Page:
Ethiopian Chickpea Sector Takes Giant Step Forward in Mechanized Agriculture

Africa’s Largest Chickpea Producer Must Improve Quality in order to Compete on World Market

chickpea combine

In Ethiopia, chickpea is typically harvested by uprooting the entire plant. Pulling out the roots deprives soils of nitrogen-fixing benefits. Collected, farmers allow the plant to air dry and then thresh piles of chickpea on the ground using animals; the week-long process is arduous and the chickpeas suffer losses in both quality and quantity.

Ethiopia is Africa’s leading producer of chickpea and the sixth largest in the world. One of the most popular dishes—shiro—is made from chickpea. Still, a lack of financial capital and technological know-how has kept the chickpea value chain from realizing its full potential.

In February 2015, Million Meskele made history when he harvested 75 hectares with a combine harvester. Million owns the Bale Green farm located in the Oromia Region in Southeastern Ethiopia and his combine is a result of a matching-grants partnership with AGP-Agribusiness Market Development—USAID financed program intent on increasing the competitiveness of the chickpea value chain. In the chickpea sector, it was the first mechanized harvest in Ethiopia.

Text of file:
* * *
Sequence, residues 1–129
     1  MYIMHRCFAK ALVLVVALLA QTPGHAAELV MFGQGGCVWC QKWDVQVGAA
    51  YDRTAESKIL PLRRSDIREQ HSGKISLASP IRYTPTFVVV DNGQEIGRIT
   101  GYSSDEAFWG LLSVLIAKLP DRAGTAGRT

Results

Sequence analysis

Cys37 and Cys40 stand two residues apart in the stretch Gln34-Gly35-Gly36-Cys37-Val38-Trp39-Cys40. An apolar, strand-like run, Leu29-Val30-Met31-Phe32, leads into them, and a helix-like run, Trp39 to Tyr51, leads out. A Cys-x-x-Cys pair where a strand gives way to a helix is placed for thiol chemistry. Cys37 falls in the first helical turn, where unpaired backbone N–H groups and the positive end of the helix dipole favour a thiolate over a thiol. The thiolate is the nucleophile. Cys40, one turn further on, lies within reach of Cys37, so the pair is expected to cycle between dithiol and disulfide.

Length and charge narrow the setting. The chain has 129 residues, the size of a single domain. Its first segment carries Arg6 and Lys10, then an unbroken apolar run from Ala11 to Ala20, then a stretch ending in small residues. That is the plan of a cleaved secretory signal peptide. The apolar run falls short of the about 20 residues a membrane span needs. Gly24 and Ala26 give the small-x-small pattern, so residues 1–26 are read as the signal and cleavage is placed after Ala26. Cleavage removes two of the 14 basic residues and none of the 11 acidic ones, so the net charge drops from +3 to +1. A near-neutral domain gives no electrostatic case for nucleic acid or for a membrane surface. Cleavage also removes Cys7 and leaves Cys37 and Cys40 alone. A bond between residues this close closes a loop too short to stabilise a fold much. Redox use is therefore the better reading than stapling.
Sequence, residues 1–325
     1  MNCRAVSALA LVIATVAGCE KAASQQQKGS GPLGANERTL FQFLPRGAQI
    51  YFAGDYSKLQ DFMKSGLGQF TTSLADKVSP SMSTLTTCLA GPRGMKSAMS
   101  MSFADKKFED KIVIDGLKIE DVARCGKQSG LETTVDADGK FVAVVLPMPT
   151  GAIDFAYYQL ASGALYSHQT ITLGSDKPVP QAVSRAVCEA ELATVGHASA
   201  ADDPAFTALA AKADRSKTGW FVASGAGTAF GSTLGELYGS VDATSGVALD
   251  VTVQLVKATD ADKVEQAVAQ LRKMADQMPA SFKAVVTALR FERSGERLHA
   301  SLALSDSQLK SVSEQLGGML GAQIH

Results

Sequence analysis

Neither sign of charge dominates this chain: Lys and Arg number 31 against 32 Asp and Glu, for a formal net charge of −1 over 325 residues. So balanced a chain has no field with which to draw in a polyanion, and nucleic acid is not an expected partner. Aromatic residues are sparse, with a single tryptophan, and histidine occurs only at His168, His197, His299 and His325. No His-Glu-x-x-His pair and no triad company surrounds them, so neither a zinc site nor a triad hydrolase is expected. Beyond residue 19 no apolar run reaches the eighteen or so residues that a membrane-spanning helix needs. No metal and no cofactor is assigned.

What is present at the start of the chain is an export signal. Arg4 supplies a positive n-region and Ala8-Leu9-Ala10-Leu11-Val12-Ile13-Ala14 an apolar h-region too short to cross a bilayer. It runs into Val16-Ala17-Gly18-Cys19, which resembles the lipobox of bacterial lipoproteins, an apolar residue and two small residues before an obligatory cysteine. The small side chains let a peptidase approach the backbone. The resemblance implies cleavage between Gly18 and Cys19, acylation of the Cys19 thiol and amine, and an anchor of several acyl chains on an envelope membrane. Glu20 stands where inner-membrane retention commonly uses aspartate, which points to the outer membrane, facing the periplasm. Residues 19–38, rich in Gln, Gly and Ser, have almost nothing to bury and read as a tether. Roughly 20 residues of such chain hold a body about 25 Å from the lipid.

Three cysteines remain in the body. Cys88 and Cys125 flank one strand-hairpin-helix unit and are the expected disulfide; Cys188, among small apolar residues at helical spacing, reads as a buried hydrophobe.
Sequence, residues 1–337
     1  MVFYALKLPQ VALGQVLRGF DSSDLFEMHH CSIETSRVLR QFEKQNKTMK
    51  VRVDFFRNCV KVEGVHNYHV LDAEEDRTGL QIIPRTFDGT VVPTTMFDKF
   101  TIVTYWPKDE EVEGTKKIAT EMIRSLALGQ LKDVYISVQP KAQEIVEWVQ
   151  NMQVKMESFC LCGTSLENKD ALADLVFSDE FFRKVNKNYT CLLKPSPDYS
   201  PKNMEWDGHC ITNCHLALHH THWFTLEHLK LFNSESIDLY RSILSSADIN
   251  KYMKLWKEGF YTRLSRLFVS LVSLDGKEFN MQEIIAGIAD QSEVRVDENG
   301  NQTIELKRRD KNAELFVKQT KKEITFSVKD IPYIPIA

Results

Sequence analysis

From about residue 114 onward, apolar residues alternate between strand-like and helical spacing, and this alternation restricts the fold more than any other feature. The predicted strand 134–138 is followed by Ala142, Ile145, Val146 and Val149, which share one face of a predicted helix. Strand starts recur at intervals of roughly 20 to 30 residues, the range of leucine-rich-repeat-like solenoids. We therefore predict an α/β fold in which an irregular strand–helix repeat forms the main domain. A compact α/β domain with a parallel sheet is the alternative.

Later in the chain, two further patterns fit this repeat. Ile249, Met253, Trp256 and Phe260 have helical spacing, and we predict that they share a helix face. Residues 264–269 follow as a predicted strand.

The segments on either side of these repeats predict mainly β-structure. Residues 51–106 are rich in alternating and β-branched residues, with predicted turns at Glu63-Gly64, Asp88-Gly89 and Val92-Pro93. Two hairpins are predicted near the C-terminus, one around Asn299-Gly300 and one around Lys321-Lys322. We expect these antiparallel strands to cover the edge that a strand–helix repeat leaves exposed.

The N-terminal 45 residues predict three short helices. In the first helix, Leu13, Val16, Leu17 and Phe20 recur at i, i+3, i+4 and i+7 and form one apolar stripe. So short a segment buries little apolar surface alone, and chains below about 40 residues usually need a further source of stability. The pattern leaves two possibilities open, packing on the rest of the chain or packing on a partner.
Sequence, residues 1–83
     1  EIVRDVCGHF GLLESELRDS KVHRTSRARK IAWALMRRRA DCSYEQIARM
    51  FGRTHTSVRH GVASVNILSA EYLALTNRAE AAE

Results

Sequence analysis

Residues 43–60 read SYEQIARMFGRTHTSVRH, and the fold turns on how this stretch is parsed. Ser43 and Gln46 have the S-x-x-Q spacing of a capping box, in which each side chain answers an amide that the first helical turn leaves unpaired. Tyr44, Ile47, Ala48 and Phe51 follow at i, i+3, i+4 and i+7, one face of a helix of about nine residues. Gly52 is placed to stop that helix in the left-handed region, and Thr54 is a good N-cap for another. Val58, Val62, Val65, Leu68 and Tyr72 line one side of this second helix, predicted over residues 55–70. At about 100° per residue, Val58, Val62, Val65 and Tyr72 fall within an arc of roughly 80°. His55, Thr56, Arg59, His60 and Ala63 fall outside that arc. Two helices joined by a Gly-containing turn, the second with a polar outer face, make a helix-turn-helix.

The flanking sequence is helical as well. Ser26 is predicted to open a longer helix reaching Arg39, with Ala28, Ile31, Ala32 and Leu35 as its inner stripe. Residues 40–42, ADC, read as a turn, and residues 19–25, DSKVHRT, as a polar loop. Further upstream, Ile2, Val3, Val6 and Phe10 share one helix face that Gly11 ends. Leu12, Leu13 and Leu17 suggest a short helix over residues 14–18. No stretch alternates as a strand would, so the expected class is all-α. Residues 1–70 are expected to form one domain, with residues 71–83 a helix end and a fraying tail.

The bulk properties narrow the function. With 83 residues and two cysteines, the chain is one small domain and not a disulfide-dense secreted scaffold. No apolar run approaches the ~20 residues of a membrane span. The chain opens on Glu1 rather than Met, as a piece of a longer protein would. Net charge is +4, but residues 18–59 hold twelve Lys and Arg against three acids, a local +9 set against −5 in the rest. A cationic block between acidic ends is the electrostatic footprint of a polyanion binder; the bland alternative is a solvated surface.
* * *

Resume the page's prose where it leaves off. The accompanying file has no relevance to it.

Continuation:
After several days, Million harvested, threshed and winnowed 125 metric tons of chickpea. Area farmers came and witnessed so they too could understand the benefits and opportunities of the new farm machinery.  As Ethiopia’s chickpea farmers increase production, new technologies such as combines and cleaning machinery are necessary in order to meet export quality standards. A combine can increase Bale Green’s chickpea harvest by approximately 15% compared to a manual harvest.

“This has been a great contribution to Bale Green and represents a turning point in the development of the chickpea agricultural sector. We will serve as a model for others trying to expand into mechanized farming,” explains Million Meskele, owner of Bale Green.

AGP-AMDe uses an integrated value chain approach to increase production and marketing all along the chickpea value chain. This season, Bale Green planted ACOS (50 ha) and Ararti (25 ha) in order to multiply seed for other Ethiopian chickpea farmers. AGP-AMDe supports Bale Green to attain a seed business license in order to distribute seed to area farmers. Next planting season, more than 1000 farmers could benefit through Bale Green’s seed multiplication activities.

Bale Green’s combine is a product of a matching grants partnership with AGP-AMDe, which matched Bale Green’s investment of $55,000 USD.

AGP-AMDe strengthens the chickpea value chain through training in agronomic practices, post-harvest handling, technology transfer, entrepreneurship and farmer field days conducted on chickpea farms.


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